Item Records

This page shows all the information we have about this item. Both the institution that physically holds this item, and RRN members have contributed the knowledge on this page. You’re looking at the item record provided by the holding institution. If you scroll further down the page, you’ll see the information from RRN members, and can share your own knowledge too.

The RRN processes the information it receives from each institution to make it more readable and easier to search. If you’re doing in-depth research on this item, be sure to take a look at the Data Source tab to see the information exactly as it was provided by the institution.

These records are easy to share because each has a unique web address. You can copy and paste the location from your browser’s address bar into an email, word document, or chat message to share this item with others.

  • Data
  • Data Source

This information was automatically generated from data provided by MOA: University of British Columbia. It has been standardized to aid in finding and grouping information within the RRN. Accuracy and meaning should be verified from the Data Source tab.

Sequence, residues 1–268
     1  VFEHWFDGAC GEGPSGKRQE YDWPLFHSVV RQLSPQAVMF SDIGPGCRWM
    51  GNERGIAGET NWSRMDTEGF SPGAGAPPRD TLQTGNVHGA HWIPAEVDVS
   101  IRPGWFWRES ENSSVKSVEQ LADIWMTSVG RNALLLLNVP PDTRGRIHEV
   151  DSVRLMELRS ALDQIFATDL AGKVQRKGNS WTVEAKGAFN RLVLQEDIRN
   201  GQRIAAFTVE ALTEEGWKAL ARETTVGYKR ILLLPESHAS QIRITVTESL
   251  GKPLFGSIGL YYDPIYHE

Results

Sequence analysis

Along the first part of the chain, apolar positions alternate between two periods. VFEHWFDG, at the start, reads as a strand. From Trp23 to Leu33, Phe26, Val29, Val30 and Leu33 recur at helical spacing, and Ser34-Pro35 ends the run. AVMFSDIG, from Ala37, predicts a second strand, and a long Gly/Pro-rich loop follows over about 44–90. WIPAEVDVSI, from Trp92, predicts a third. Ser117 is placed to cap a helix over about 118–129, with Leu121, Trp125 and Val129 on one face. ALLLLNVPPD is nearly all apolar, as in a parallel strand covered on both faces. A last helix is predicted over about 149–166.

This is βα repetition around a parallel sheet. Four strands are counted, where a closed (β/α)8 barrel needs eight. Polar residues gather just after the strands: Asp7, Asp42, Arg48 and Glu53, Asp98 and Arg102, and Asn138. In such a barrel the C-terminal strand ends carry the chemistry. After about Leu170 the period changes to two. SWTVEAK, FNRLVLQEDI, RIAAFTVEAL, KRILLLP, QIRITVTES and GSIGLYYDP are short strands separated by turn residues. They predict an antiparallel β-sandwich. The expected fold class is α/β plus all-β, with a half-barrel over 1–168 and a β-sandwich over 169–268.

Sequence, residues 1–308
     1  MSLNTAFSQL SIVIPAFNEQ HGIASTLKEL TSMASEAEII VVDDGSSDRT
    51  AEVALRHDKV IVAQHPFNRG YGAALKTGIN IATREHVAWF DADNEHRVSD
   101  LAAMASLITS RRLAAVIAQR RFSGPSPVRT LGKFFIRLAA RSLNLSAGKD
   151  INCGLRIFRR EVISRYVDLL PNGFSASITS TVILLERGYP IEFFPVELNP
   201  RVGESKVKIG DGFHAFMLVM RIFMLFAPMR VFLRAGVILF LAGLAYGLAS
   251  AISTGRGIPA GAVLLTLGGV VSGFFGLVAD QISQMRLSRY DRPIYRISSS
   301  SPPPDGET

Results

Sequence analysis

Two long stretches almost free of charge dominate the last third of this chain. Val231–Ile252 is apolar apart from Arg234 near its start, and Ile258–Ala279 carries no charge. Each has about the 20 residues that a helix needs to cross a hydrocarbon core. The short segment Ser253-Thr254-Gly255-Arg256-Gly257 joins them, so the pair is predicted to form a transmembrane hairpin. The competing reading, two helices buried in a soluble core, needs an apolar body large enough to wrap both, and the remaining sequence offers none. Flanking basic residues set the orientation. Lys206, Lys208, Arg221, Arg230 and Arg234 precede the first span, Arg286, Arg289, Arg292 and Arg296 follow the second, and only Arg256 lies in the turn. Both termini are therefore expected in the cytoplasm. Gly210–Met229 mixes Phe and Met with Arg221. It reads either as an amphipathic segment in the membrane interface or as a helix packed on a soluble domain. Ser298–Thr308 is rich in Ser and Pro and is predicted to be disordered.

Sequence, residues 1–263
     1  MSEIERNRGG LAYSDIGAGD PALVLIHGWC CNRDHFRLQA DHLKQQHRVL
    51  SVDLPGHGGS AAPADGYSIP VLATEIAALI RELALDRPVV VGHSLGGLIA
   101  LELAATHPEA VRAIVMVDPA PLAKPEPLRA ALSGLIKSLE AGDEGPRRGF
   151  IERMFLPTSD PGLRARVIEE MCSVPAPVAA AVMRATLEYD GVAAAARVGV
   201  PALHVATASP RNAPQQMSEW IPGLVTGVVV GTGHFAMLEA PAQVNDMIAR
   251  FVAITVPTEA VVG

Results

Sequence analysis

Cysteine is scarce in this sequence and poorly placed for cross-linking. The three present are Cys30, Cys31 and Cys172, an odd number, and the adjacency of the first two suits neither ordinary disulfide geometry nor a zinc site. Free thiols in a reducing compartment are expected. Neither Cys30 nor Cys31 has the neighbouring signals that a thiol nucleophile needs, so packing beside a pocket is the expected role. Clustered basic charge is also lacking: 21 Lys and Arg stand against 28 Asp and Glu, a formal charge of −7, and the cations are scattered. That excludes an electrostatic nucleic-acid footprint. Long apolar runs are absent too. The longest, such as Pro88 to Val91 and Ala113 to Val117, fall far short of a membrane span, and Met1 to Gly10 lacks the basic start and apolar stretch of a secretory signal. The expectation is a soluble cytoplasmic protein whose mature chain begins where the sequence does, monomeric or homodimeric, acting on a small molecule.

Figure representing a person on a flat backing of white paper. Front view is depicted of the figure which is made of cloth lightly padded to give a three-dimensional effect having each portion made of a separate piece of cloth with painted details. Hands are made of paper. Face is made of white silk. Figure's left hand is holding a folded a light blue-green paper umbrella. Black hair is in a low bun. Wearing a short light green patterned silk blouse having a tying on the right with ribbons of the same colour, an ankle-length torquoise blue skirt fastened under the arms with a white cotton ribbon, white socks, and low blue-green shoes. Two pieces of white flannel hemmed in light red-pink silk thread with a loop of the same at the top are glued to the paper backing.

History Of Use

Probably made for sale to European and North Americans, possibly under missionary influence. Figure represents married woman (indicated by low bun)from the late 19th to early 20th centuries.


Collected by J. H. Morris while he was chief engineer for Seoul Railway, Korea.

Item History

With an account, you can ask other users a question about this item. Request an Account

With an account, you can submit information about this item and have it visible to all users and institutions on the RRN. Request an Account

Similar Items